At the moment, I am irritated with high culture. I'm helping students with solo-ensemble competitions in high school choir. On the menu is "Joshua Fit the Battle of Jericho", and I've been informed that the judges want the notes "as they are written." Philistines. How are we going to make the thing sound like music if you have to play the notes? Maybe like Mr. Holland - 'what's in between the notes."
Excellence: in the context of worship, it is doing the best we can with what we have. If God gave us 10 talents, we invest all 10, for God. It is obtained by learning what God has given to us and finding creative ways of using those things.
I don't know that I like the statement. What constitutes excellent music is highly subjective. For the most part, most musicians can identify excellent music. But how often is excellent music considered excellent by the consumer? I would propose that it isn't that often.
Excellence, like simple enjoyment, indeed has subjective factors! In a high school solo contest, putting slides between the notes of an opera song is called laziness; so the student works the tail off to get excellent tone and breath control; the successful ones go on to real opera, where they work hard to make gorgeous slides and emotionally productive details that are considered excellent by the audience and critics.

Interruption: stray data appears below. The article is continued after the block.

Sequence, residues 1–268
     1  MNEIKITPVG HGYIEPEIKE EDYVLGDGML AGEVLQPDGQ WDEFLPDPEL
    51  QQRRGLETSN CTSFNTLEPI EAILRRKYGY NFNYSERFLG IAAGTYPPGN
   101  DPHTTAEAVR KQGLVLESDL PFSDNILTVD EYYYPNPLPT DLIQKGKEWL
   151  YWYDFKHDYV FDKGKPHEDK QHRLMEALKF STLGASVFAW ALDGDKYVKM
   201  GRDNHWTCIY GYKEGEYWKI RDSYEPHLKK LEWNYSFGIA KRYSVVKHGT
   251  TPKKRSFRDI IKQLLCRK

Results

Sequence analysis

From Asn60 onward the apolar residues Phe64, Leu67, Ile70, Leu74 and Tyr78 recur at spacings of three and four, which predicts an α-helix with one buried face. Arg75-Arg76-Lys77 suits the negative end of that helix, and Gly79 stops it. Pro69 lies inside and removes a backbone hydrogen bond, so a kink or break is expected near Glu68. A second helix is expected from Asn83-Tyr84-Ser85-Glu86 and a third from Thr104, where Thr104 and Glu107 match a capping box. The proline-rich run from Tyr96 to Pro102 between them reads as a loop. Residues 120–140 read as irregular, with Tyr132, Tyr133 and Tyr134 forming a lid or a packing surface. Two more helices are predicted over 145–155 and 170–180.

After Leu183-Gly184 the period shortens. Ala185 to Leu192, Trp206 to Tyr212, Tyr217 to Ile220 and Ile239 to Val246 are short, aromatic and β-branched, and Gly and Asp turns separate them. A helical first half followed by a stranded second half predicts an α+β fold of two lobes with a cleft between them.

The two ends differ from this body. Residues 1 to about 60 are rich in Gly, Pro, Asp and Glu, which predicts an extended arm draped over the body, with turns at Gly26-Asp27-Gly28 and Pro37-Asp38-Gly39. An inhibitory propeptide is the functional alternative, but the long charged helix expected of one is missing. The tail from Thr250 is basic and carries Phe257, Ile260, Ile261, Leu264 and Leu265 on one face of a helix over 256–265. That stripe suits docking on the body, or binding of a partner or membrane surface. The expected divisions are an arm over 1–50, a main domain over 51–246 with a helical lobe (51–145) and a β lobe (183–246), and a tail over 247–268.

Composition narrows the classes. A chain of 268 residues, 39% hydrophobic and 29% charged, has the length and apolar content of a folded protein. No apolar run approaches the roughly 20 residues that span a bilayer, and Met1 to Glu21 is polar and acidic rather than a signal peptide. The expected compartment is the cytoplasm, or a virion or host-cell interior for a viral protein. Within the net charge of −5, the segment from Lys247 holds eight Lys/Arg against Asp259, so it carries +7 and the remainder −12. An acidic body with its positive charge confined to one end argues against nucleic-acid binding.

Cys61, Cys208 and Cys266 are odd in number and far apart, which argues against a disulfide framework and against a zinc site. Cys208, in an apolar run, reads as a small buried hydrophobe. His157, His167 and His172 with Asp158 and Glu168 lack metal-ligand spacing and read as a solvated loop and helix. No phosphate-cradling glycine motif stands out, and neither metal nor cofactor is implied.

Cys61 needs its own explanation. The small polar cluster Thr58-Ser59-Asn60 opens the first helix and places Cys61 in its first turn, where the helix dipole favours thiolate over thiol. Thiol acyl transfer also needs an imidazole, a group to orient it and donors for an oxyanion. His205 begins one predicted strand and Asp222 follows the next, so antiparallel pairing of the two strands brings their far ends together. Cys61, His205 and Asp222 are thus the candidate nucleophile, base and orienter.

A rock guitarist can give you all sort of minutae that they listen for in rock; they employ a battery of pedals to bring out the subtlest tone changes. When I hear rock guitar, it sounds like a mass of whanging -- I decide whether it is good whanging or dull whanging by purely emotional response, the same way a rock guitarist judges excellence or non-excellence when I play the organ (on which I will go to any length to get tone combinations that probably only I can hear).
I think consumers consider a LOT of music as "excellent" -- they seem to be buying music, even in a poor economy, like it is going out of style. But as there are more musicians out there competing for eardrums, it seems as if the bar has been raised quite a bit for technical quality and even musical excellence.
Van Gogh sold one painting. Handel, who distributed his own handbills for his operas, which were disastrous flops, and Schubert, who tried to go it on his own (dying, essentially, of poverty-related causes), fared less well.Beethoven, Bach, Mozart and Wagner caught the fancy of rich patrons (who opened their silk-lined pockets just enough for a decent living).
The era of self-recording (today) has made it possible for a person to create, advertise and distribute excellent music on a wide scale, in any style of their own pleasure, for the first time in history!
It remains to be seen if that fact will have any bearing whatever on the sum, or the popularity, of excellent music in music in the world.